The number of activities available in Saints Row IV can be pretty overwhelming for some, but they are introduced gradually over the first hour or two of gameplay, during which your crew will help you become acclimated with this brave new world. The game does encourage you to keep doing activities throughout by making them into side quests for your homies, but they’re still entirely optional. The rewards are generally pretty great, though.
Saints Row: The Third had its share of satire, but any such commentary we’ve seen before pales in comparison to the comedic relief in Saints Row IV. One of my favorite moments, when I laughed until I cried, involved a Metal Gear Solid reference during the game’s satirical take on stealth games. Not surprisingly, Call of Duty is also thrown into the mix.
Above all else, however, the game relentlessly parodies Mass Effect through crew interactions and romances. Yeah, you read that right. In Saints Row IV, you can romance every single homie, from long-time friends to new allies, without any actual work. Each character seems to only have one romance scene, and the majority of them are really quite humorous; silliness aside, I like to think Johnny Gat and my POTUS had something special. All the characters are pretty enjoyable to listen to, though, and the lighthearted banter tossed between them gives Saints Row that unexpected heart it’s known for.
Video game relationships aside, you’ll be recruiting additional crewmates one quest at a time, and they all have unique loyalty missions. Granted, this formula is yet another jab at Mass Effect, but the recruitment/rescue missions and follow-up assignments from your crew are actually very well thought out. For returning favorites like Shaundi, Benjamin “Motherf*cking” King, and Johnny Gat, we actually revisit locations from previous games and relive past events in a bizarre adventure down Saints Row memory lane – might be a few more rocket launchers than you remember.
Volition parodies more than just the recent blockbusters, of course. Many of these story quests dial back the decades to a simpler time when 2D brawlers and top-down shooters were the pinnacle of the gaming experience. At one point, you’ll actually be fighting in a virtual setting (again) as DOS commands scroll over the top of your screen, altering the world around you in real time. Another major quest sends you through a text-based adventure in order to free a potential crewmate, and chatter between Zinyak and POTUS make the whole experience all the more hilarious. Moments like these are seriously what make the Saints Row experience so damn great.
Co-op is back in Saints Row IV, as it should be, the game caters to cooperative play in much the same way Saints Row: The Third did. All missions can be done with a buddy, and co-op only activities can be sought out in Steelport, giving social gamers some additional content to roll around in. One such activity is Death Tag, during which two players must use limited powers and weapons to kill each other, even as cops and civilians bumble through their 1v1 deathmatch. What could be more entertaining than lighting a good friend on fire, and then shooting them with an assault rifle as they run around screaming with their hands in the air? Nothing, that’s what.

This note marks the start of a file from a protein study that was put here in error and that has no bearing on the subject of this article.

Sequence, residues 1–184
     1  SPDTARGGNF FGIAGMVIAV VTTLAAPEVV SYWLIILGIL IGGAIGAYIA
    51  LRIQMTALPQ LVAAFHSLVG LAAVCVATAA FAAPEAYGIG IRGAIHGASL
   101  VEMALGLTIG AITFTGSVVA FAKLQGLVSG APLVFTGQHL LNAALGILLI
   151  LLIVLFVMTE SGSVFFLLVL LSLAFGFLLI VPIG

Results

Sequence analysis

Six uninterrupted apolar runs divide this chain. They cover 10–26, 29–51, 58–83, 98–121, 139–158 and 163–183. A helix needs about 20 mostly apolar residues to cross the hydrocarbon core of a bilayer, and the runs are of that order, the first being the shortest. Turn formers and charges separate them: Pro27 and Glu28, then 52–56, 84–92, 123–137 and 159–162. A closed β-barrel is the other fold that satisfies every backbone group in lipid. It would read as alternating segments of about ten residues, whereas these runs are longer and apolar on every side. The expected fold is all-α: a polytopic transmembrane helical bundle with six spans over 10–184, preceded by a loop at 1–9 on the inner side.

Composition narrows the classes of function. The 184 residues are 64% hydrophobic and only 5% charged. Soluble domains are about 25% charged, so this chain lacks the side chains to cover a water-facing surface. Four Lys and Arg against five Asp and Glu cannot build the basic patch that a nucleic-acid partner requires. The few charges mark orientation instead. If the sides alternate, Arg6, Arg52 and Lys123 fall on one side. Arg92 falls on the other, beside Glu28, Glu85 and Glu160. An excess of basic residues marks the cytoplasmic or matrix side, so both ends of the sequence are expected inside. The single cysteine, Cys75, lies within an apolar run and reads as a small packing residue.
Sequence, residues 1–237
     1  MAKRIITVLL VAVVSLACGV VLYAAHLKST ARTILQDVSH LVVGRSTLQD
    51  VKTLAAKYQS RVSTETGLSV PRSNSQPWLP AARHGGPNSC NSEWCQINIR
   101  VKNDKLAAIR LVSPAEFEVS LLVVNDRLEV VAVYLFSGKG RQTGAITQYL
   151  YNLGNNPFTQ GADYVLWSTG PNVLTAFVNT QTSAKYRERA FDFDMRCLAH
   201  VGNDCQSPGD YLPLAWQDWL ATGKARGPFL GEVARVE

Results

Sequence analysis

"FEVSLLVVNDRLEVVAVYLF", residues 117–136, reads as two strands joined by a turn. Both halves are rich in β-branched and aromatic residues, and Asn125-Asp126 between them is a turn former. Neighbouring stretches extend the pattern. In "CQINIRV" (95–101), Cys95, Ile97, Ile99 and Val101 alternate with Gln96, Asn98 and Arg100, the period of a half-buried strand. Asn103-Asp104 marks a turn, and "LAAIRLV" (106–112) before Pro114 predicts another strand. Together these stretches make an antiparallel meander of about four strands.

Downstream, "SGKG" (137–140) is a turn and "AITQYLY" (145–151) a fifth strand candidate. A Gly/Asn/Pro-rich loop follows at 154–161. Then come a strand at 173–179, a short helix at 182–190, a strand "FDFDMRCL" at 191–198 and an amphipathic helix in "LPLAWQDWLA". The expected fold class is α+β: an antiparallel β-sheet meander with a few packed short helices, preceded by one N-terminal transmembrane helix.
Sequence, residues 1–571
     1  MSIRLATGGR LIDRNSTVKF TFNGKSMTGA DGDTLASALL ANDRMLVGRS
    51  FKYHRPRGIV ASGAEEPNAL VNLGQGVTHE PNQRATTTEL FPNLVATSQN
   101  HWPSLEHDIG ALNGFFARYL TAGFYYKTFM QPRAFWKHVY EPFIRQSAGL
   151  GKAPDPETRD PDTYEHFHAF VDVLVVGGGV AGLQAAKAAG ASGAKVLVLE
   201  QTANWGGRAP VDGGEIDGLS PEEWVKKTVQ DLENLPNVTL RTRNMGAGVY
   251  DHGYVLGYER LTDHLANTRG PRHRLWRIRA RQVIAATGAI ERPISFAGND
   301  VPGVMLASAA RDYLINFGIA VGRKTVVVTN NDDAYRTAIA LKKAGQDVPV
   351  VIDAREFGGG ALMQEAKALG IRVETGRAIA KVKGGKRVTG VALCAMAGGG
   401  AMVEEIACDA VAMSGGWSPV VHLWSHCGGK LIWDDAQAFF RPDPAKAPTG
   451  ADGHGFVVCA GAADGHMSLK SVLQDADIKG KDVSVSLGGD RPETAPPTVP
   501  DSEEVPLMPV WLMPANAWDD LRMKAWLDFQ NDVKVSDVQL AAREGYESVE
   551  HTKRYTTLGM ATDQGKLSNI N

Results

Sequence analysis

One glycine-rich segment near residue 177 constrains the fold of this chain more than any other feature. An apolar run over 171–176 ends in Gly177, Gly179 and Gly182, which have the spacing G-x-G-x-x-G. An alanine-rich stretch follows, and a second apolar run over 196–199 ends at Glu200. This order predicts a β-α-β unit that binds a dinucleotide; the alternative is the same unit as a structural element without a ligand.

Story missions support co-op as well, meaning you can recruit a buddy to help you out at any time should the escorting and Zin waves become too much. Unfortunately, if your partner disconnects during the mission, you’ll be forced to start over. Additionally, players cannot join a game mid-mission. Pretty annoying, for sure, but also understandable, given that the missions do scale based on whether you have one or two players in the game. Outside missions, the co-op is pretty seamless, and players can drop in and out on a whim. Conveniently, you may also split up, where one person enters the world while the other is still on the ship.
After the events of Saints Row: The Third, not many of us can imagine how Volition might progress. Not surprisingly, the developers decided to go big, making the fourth game even crazier, but also capitalizing on lessons taken from The Third. Whereas Saints Row: The Third felt like an episode of self-discovery for the franchise and often aimless in its madness, Saints Row IV is much more deliberate in its delivery, more controlled. It's still crazy, just much better at it.
For me, Saints Row IV was easily the most anticipated game of 2013. Saints Row: The Third was, after all, one of the most memorable games I’ve played in some time. Now, after so many sleepless nights spent groin-punching aliens through the atmosphere and romancing Johnny Gat (Keith David was playing hard to get), I can honestly say that Saints Row IV does not disappoint. Everything we loved about Saints Row: The Third is here, and the numerous throwbacks to Saints Row and Saints Row 2 are the perfect touch to this chapter – concluding at least one narrative in the greater Saints Row universe. I honestly can’t think of a more appropriate ending, either, or a better nemesis than Zinyak.
I honestly haven’t enjoyed a game quite so thoroughly as Saints Row IV, nor laughed as hard at one. On that note, Saints Row IV has my vote of emphatic approval for doing what it does so well: making us laugh until we cry.